Gerbils and the Black Death
Few pandemics in the history of humanity inspire as much interest and research as the so-called ‘Black Death’. This outbreak of bubonic plague (caused by the bacterium Yersinia pestis) killed an estimated 50 million people in Europe between 1346-53, and it widely thought to have been spread by fleas feasting on black rats (Rattus rattus). Traditional descriptions of the outbreak focus on a single introduction of bubonic plague to Europe around 1346 but was this really the case? A new paper has recently cast doubt on this explanation and suggests multiple reintroduction of plague to Europe over the following four centuries.
Today bubonic plague is still endemic in many parts of the world. In North America it is carried by prairie dogs and in Asia several rodent species can occasionally infect humans with plague. These animals are described as ‘reservoirs’ for the bacteria and are essential to explaining how the disease survives outside of its human hosts. In modern Europe however, there is no existing reservoir for plague. This is strange given that after the initial outbreak of the Black Death there were periodic recurrences over the next 400 years, suggesting an endemic disease. In this scenario, outbreaks are caused when the population of the reservoir species increases significantly and brings them into greater contact with humans. However, evidence now suggests that it wasn’t a European reservoir which caused these outbreaks, but an Asian one instead.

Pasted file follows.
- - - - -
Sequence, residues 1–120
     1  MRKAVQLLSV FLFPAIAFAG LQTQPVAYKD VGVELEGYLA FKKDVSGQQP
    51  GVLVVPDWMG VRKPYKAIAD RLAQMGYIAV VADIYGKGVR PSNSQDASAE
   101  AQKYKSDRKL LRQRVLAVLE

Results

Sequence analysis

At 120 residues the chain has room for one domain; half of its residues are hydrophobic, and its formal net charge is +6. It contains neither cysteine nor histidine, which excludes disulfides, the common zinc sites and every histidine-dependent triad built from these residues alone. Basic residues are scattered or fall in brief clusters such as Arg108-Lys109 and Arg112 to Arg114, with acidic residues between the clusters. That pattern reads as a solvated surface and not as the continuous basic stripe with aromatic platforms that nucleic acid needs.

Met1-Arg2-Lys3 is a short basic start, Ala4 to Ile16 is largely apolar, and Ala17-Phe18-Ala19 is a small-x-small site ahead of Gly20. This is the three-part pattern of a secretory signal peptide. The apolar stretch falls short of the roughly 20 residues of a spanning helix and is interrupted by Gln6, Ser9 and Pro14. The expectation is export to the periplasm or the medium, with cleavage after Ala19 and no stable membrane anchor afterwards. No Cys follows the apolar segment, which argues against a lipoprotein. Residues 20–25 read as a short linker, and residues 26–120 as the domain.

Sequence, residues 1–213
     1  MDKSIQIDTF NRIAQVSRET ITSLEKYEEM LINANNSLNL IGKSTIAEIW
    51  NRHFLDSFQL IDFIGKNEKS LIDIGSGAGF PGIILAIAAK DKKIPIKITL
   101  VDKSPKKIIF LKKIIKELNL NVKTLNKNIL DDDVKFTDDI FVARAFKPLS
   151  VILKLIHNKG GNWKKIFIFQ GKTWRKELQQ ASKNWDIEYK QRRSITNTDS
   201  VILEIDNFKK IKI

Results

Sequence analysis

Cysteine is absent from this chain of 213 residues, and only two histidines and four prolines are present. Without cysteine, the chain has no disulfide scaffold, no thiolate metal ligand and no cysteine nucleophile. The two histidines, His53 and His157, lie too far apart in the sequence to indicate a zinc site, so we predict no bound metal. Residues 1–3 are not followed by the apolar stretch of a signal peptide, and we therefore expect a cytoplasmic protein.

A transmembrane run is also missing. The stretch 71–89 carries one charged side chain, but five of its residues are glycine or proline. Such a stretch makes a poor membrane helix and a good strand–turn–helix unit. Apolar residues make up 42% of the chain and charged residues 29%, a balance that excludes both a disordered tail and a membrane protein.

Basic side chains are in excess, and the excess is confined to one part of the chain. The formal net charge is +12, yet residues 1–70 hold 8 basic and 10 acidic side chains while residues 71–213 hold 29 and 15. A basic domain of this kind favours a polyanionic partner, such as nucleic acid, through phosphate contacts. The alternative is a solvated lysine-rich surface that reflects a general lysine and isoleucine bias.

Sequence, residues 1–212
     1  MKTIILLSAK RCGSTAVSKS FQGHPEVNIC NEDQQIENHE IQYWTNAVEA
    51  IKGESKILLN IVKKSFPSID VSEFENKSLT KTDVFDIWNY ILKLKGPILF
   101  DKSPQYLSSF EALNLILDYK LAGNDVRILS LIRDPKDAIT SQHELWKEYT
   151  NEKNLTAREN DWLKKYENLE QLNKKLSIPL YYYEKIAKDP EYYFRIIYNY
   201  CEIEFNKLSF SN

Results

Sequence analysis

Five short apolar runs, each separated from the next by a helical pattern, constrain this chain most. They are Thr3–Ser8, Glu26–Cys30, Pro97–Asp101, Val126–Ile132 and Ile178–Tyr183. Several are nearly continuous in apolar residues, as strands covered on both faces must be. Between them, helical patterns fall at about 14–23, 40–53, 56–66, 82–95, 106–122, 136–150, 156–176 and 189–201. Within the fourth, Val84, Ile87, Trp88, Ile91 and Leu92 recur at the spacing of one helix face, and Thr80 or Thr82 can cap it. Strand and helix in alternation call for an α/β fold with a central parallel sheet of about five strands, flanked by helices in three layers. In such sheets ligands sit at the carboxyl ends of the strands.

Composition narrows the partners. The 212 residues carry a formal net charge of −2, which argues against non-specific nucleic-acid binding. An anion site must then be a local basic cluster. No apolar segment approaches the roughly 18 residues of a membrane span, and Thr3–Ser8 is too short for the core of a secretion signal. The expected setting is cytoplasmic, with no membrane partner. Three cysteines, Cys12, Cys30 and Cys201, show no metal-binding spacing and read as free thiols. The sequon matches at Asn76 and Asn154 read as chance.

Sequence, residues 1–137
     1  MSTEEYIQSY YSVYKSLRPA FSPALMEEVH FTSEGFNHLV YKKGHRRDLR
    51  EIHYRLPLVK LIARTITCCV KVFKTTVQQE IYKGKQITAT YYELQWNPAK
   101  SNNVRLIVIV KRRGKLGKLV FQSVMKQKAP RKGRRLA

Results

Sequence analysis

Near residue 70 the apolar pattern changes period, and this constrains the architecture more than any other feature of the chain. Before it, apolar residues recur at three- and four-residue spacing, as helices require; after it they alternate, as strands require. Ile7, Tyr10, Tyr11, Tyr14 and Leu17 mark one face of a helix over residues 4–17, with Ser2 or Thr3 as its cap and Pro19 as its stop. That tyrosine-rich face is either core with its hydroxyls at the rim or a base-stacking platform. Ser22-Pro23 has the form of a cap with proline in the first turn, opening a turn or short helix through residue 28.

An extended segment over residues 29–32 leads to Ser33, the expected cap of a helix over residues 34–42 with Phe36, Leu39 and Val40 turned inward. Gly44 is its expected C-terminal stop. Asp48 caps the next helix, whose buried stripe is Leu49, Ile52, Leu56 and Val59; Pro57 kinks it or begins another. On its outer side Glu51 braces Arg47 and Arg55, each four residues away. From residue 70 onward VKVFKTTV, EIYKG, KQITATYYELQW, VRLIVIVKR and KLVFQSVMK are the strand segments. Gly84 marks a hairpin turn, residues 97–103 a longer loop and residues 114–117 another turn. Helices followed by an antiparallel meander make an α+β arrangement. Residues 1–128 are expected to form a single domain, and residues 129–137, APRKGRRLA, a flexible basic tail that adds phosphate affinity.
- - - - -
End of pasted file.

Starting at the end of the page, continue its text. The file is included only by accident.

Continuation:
Evidence for this alternative explanation comes mainly from climate data. By examining a database of 7,711 historic outbreaks of plague and comparing them to 12 annually resolved tree ring records from Europe and Asia, it was possible to determine whether any outbreaks were linked to changes in the climate. What the researchers found was that although there were peaks of plague associated with fluctuations in climate the correlation wasn’t what you would expect. Instead of being associated with conditions which would benefit rat populations in Europe they discovered that it was conditions facilitating an increase in rodent populations in Asia which had the greatest effect, albeit with a fifteen year lag. They concluded that this supported a scenario whereby booms of rodent populations in Asia triggered fresh outbreaks in Europe by first infecting traders and their animals along the Silk Road routes. These traders then carried the disease to Europe where it spread to the local rats and from there to their human neighbours.
Reference: Schmid, B.V., et al. 2015. Climate-driven introduction of the Black Death and successive plague reintroductions into Europe. Proceedings of the National Academy of Sciences.
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